Military Wounded Get Back Into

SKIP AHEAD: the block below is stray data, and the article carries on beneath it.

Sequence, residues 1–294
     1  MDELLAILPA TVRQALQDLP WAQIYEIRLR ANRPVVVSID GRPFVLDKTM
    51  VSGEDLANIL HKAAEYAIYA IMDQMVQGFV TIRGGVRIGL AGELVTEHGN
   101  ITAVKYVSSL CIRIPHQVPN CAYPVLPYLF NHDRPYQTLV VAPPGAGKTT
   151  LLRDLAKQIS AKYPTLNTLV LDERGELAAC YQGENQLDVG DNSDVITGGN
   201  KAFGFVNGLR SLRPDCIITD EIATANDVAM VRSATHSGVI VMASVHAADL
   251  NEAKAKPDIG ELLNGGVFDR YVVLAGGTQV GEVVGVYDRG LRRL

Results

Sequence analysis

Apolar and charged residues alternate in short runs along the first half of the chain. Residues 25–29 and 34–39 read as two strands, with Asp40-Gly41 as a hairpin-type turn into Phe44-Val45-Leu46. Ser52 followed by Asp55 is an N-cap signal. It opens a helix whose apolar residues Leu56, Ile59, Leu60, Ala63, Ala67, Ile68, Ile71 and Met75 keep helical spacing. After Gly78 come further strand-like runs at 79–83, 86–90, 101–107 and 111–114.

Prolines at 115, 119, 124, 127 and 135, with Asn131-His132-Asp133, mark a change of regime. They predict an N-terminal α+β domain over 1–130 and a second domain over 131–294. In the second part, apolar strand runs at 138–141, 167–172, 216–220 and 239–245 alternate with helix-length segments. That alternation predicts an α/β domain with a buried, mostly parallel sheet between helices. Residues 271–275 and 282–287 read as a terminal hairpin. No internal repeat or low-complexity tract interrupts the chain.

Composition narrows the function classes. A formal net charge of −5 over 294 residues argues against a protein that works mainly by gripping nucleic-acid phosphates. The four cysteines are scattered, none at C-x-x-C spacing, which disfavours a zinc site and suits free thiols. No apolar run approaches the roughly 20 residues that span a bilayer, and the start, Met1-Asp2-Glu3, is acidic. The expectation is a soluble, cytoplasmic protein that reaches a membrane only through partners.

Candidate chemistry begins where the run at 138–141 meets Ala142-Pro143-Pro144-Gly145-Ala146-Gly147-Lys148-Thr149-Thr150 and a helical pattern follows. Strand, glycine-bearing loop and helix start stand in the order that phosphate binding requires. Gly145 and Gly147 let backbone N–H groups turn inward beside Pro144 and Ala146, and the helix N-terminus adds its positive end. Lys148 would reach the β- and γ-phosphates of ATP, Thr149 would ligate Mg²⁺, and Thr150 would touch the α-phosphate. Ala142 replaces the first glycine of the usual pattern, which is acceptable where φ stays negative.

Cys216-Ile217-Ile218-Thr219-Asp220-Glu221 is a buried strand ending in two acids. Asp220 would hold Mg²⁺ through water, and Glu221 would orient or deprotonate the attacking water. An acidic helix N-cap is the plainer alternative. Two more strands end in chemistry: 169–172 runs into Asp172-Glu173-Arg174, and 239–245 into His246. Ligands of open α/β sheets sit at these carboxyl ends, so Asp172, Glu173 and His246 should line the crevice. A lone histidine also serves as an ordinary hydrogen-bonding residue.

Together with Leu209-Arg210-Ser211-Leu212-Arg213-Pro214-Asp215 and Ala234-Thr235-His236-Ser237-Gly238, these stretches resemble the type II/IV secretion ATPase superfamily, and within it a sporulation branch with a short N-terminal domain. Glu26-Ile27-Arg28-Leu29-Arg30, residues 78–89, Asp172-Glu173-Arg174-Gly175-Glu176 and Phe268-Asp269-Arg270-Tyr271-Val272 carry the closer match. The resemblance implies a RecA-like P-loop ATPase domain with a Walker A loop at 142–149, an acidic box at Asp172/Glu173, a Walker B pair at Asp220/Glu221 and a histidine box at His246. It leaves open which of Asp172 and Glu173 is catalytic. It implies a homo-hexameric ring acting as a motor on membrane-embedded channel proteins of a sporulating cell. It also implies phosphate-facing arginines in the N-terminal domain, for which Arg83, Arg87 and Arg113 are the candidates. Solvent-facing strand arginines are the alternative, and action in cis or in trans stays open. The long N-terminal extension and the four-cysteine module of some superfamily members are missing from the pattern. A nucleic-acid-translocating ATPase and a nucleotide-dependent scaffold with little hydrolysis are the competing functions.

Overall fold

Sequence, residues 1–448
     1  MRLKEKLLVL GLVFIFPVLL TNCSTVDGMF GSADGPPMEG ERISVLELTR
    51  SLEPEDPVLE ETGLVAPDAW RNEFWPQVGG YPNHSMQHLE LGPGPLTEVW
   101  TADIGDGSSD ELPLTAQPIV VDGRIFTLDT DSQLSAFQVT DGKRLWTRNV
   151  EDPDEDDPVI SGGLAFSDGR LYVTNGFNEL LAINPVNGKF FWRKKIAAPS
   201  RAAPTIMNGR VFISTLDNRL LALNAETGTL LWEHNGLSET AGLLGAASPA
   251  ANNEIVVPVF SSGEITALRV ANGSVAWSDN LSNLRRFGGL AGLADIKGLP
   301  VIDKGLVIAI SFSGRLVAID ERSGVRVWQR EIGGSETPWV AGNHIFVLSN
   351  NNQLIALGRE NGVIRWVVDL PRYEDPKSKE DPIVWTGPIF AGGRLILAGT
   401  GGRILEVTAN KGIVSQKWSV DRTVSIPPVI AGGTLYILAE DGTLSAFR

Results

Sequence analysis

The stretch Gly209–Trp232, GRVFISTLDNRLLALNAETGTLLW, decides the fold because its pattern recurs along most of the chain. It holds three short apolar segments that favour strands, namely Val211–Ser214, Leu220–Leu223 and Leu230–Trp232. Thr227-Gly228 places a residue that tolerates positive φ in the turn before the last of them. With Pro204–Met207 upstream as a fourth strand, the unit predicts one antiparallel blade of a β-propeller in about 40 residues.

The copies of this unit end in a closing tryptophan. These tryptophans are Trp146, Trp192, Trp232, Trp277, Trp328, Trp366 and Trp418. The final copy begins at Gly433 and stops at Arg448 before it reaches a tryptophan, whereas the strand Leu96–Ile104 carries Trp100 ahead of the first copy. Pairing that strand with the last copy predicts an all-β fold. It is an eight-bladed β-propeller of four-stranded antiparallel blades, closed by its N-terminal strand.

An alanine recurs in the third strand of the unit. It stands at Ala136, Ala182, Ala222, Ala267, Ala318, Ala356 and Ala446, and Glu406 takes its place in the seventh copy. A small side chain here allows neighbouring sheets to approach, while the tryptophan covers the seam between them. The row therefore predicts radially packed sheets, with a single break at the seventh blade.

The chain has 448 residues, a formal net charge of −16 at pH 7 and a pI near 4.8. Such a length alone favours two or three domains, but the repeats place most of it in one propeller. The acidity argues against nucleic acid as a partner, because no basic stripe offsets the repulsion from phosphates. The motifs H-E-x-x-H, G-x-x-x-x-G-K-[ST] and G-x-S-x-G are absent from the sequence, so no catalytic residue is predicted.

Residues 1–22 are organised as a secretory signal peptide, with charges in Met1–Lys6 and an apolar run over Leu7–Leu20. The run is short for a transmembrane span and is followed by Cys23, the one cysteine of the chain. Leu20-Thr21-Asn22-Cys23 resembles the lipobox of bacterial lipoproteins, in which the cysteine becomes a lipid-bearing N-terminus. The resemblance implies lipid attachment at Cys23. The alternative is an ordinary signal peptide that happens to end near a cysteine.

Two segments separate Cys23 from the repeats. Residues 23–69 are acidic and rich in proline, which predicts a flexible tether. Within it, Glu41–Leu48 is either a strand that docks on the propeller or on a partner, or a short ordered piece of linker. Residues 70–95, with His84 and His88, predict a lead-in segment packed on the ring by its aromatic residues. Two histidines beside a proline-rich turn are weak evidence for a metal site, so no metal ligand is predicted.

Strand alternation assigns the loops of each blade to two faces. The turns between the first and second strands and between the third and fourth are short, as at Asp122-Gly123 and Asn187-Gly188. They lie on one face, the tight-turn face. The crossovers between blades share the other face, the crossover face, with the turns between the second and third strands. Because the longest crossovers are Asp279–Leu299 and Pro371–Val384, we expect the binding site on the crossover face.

SAN DIEGO – For Anthony Smith, athletics is a way to return to how he felt before he lost his right arm to a rocket-propelled grenade attack by insurgents in Iraq.”I feel strong again; I feel my confidence building back up,” said Smith, 39, a retired Army major. He took part last week in a spirited game of volleyball in which the players, nearly all of whom had lost a limb in Iraq or Afghanistan, sat on the floor during the action.Smith, ever the officer, also acted as cheerleader: “Come on, let’s do it,” he urged younger players, while smashing the ball over the net with gusto. Occasionally, he stopped to do a few push-ups, balancing his weight on the hook at the end of his prosthetic arm, which has a fabric cover with an American flag design.Smith and four dozen other wounded military personnel were spending four days at the San Diego Naval Medical Center for the Paralympic Military Summit.The summit, a term taken from mountain climbing, not politics, is part of the military’s effort to treat wounded personnel as elite athletes who have suffered a setback but need not abandon their love of sports.Marine Lance Cpl. Patrick Myers, 22, was playing wheelchair volleyball on an adjoining court in the gymnasium. His injury was more recent and he was more tentative, less self-assured than Smith.Still, Myers knows that sports is a key part of his uncertain road to recovery. The native Texan lost both legs above the knee when his Humvee hit a roadside bomb.Like Smith, he is undergoing rehabilitation at Brooke Army Medical Center in San Antonio. He’d like to get back to weightlifting, his sport of choice before being injured.”I’m progressing, but I’ve got a long way to go,” Myers said. “I’m not sure about the future. I have to figure out where my heart is. But I know I want to be active.”The summit brings together wounded personnel with coaches and rehabilitation specialists for training sessions and competition, as well as the friendship that grows from common experience.”You have to realize that while your lifestyle has changed, the principle of your life is the same: You can compete and you can enjoy life,” said sailor Manuel Del Rio, 20, of Van Nuys, Calif., whose leg was severed in an accident aboard the aircraft carrier Kitty Hawk.As the Balboa Park medical center expands to include more services for the war-wounded, particularly amputees, its Balboa Warrior Athlete Program is a major part of the effort. More medical personnel have been added to the staff, and a planned $7 million renovation is expected to improve therapy facilities.The goal is to ensure that West Coast military personnel can receive rehabilitation services in San Diego, rather than be sent to San Antonio or to Walter Reed Army Medical Center in Washington, D.C., away from their families.A fourth of the Marines, sailors, soldiers and airmen injured in Iraq and Afghanistan come from either homes or duty stations on the West Coast, military medical officials say.”It’s important for the new patients, particularly the amputees, to try things that they haven’t tried before,” said Navy Capt. Kathy Goldberg, a physician and head of physical and occupational therapy at the San Diego center.The summit has included swimming, volleyball, archery, aerobics, and track and field events, using facilities at the medical center, the 32nd Street Naval Station and the U.S. Olympic Committee training camp in nearby Chula Vista.Army Spec. Brandon Dale, 22, who used to play basketball in his native Shreveport, La., particularly likes the camaraderie of competition. His left leg was severed above the knee, and his right leg suffered severe nerve damage in a roadside bomb attack.”Just being around other guys doing sports feels good,” he said.Travel expenses were picked up by the Paralympic Military Program of the U.S. Olympic Committee, a co-sponsor along with the Navy. Housing has been at a Navy base.Now in its second year, the summit program involves two gatherings annually. This next one is scheduled for November in Colorado Springs, Colo.
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